The International Monetary Fund on Tuesday maintained its 6% global growth forecast for 2021, upgrading its outlook for the United States and other wealthy economies but cutting estimates for developing countries struggling with surging COVID-19 infections.
The divergence is based largely on better access to COVID-19 vaccines and continued fiscal support in advanced economies, while emerging markets face difficulties on both fronts, the IMF said in an update to its World Economic Outlook.
“Close to 40 percent of the population in advanced economies has been fully vaccinated, compared with 11 percent in emerging market economies, and a tiny fraction in low-income developing countries,” Gita Gopinath, the IMF’s chief economist, said during a news conference.
“Faster-than-expected vaccination rates and return to normalcy have led to upgrades, while lack of access to vaccines and renewed waves of COVID-19 cases in some countries, notably India, have led to downgrades,” she said.
The IMF significantly raised its forecasts for the United States, which it now expects to grow at 7.0% in 2021 and 4.9% in 2022 – up 0.6 and 1.4 percentage points, respectively, from the forecasts in April.
The projections assume the U.S. Congress will approve President Joe Biden’s roughly $4 trillion in proposed infrastructure, education and family support spending largely as envisioned by the White House.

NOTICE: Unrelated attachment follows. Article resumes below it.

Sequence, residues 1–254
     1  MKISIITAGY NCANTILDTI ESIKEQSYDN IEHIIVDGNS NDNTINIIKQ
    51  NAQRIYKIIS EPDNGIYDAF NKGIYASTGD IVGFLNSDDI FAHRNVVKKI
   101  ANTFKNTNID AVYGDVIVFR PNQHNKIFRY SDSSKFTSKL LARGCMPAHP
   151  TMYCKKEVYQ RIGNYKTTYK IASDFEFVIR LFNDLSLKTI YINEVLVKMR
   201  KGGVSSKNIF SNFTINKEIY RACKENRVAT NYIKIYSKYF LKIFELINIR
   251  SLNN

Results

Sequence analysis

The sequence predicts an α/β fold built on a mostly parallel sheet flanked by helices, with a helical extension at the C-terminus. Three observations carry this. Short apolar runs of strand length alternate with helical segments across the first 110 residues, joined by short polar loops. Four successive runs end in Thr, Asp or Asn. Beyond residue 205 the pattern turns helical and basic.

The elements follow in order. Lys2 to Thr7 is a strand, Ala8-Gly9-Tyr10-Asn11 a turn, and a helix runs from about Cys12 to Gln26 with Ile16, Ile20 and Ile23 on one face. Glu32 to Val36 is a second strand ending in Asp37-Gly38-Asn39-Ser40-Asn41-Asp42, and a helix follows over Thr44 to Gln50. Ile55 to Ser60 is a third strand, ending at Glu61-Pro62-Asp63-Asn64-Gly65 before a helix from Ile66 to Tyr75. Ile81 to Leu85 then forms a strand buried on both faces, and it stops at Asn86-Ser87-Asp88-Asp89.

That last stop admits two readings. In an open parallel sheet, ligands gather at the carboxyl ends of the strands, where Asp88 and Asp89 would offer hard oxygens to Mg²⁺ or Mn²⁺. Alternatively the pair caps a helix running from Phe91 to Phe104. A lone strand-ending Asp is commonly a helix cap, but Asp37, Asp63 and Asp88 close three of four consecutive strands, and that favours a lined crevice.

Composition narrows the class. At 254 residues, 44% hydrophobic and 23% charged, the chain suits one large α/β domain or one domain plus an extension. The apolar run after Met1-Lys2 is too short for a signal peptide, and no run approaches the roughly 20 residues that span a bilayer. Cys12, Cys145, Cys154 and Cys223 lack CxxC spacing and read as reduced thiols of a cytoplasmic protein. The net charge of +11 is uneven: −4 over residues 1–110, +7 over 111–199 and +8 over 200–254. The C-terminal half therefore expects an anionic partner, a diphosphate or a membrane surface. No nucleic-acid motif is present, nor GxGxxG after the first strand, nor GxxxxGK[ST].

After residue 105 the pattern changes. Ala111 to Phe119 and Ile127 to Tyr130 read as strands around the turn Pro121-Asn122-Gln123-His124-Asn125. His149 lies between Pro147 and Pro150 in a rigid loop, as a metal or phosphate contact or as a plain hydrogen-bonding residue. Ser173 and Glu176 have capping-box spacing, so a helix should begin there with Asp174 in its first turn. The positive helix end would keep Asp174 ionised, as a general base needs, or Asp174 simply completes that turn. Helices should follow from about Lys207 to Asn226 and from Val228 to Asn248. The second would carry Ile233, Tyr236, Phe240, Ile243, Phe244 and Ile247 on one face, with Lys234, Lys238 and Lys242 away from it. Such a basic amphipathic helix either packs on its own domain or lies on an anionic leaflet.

Positive spillovers from the U.S. spending plans, along with expected progress in COVID-19 vaccination rates, are boosting the IMF’s 2022 global growth forecast to 4.9%, up 0.5 percentage point from April.
The Fund gave its biggest upgrade to Britain, lifting its 2021 growth by 1.7 percentage points to 7.0%, reflecting better adaptation to COVID-19 restrictions than previously anticipated.
The euro zone saw a smaller 0.2 percentage point upgrade for 2021, while Japan saw a 0.5 percentage point cut, reflecting higher infections and tighter restrictions in the first half of the year.
India, which has struggled with a massive wave of coronavirus infections this year, saw the biggest cut in its growth forecast – three percentage points – to 9.5% for 2021. The IMF also reduced its 2021 forecast for China by 0.3 percentage point, citing a scaling back of public investment and overall fiscal support.
The IMF also forecast lower prospects for Indonesia, Malaysia, the Philippines, Thailand and Vietnam where recent waves of COVID-19 infections are weighing on activity. The Fund forecast that emerging Asia would grow 7.5% this year, down 1.1 percentage points from the April forecast.
Low-income countries saw a downgrade of 0.4 percentage point in their 2021 growth, with the Fund citing the slow rollout of vaccines as the main factor impeding their recovery.